“I want to emphasize that safety is our priority,” NASA Associate Administrator Jim Free said during a briefing last month. “As we prepare to send our friends and colleagues on this mission, we are committed to launching as safely as possible. We will launch when we are ready.

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After an extensive test campaign, Intuitive Engines says it is ready to launch at 12:57 a.m. Eastern Time on Wednesday, setting the landing nine days away.

“The vehicle is ready,” Stephen Altemus, CEO of Intuitive Engines, said in an interview in October. “It works fantastically. … We know the odds of what we're up against. We've done extensive testing beyond development testing to make sure the vehicle performs as designed. And from our reviews we believe we've ironed out all those issues and we know how the vehicle performs.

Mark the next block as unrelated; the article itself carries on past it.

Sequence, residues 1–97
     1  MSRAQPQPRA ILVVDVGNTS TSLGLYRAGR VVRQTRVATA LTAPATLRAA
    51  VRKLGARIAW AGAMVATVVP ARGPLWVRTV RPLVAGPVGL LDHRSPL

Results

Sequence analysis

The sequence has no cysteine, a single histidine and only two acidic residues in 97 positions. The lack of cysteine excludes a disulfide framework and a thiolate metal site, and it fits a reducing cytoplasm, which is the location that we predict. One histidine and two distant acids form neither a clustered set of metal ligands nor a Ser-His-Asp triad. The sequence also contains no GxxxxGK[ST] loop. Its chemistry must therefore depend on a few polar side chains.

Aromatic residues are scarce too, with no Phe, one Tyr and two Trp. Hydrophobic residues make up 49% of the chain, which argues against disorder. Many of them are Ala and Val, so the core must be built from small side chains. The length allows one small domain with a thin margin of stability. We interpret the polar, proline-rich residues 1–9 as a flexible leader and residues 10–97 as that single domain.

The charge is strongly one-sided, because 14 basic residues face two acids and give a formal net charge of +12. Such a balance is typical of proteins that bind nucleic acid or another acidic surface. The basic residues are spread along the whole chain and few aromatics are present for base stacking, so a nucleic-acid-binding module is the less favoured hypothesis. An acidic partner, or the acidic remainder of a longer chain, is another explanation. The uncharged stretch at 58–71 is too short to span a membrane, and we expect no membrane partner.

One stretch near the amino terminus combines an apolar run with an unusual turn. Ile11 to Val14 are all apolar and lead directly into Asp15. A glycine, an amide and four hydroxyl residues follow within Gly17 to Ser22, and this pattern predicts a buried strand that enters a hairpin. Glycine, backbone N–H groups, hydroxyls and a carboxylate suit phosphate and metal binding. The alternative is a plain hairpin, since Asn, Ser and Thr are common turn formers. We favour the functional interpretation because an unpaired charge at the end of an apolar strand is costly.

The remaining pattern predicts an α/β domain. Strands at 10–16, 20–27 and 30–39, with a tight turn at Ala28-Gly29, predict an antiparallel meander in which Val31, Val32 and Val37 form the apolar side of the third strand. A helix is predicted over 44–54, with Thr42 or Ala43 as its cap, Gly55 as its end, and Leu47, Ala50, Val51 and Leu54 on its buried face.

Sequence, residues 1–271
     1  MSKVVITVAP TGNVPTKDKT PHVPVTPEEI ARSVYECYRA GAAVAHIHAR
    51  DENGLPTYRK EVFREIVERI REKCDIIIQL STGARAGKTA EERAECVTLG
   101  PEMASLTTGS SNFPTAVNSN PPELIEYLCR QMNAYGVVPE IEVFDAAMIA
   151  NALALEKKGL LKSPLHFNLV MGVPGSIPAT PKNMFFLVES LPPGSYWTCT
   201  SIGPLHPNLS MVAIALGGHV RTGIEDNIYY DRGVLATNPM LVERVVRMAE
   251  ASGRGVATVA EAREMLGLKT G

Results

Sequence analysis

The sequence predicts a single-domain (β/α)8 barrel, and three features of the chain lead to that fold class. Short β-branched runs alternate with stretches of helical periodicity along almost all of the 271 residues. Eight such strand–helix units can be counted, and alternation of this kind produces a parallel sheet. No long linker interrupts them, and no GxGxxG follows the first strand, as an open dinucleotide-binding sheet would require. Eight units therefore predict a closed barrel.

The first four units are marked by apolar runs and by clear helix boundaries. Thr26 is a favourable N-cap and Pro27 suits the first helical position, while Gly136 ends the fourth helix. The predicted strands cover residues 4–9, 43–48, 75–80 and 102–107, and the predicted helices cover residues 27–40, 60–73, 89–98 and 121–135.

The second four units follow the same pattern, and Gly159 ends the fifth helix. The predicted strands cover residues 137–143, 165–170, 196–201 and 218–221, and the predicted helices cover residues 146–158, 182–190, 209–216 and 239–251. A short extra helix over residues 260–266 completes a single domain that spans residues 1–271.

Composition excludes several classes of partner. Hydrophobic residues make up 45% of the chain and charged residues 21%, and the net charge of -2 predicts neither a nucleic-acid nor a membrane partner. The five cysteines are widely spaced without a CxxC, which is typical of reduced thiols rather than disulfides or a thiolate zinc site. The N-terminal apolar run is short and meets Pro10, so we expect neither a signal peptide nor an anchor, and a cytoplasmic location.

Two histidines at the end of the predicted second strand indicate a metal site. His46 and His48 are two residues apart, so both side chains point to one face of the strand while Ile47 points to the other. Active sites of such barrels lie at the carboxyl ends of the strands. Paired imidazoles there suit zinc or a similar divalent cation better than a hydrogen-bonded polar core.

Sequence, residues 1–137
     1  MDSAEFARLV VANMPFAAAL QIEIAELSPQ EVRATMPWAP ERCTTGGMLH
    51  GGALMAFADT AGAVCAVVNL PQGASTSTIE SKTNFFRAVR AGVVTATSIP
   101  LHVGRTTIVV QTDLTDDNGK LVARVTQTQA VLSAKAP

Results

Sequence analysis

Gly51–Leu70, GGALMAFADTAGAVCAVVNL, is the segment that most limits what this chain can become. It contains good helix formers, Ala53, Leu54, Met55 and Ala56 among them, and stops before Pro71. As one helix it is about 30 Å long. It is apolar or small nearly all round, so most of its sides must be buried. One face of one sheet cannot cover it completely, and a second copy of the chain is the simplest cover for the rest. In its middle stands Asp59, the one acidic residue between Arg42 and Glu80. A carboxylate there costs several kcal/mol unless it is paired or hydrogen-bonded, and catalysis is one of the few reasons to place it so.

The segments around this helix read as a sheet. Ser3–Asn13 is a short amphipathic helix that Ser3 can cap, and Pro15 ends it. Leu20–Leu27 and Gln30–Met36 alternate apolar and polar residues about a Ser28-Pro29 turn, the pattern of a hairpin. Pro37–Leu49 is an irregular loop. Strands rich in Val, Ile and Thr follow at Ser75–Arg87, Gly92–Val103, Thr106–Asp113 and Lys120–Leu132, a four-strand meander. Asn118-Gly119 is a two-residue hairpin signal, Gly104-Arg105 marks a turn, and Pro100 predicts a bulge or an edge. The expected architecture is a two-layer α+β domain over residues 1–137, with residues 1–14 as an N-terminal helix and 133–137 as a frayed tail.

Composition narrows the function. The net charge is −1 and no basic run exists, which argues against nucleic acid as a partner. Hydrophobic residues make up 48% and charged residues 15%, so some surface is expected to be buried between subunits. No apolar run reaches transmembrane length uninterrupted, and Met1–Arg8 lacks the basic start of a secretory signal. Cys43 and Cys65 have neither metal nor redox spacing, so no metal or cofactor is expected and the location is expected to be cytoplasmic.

Odysseus will be launched into space aboard a SpaceX Falcon 9 rocket from Cape Canaveral, Fla., then speed toward the moon while making complex steps along the way. Once the spacecraft separates from the rocket, it will use special cameras to take pictures of the stars that allow it to orient itself in the right position so that its solar arrays point toward the Sun. Once activated, it will turn on its communications radios to communicate with controllers on the ground.

On its way to the moon, the spacecraft uses its propulsion system to keep it on course, “like a car driver making small turns with the steering wheel on a straight road.” The company said. It would aim for a spot close to the moon that would allow it to enter lunar orbit, similar to how basketball players aim for a square on the backboard of a hoop. “When a basketball player hits the backboard square with a shot, the ball tends to go into the hoop,” it said.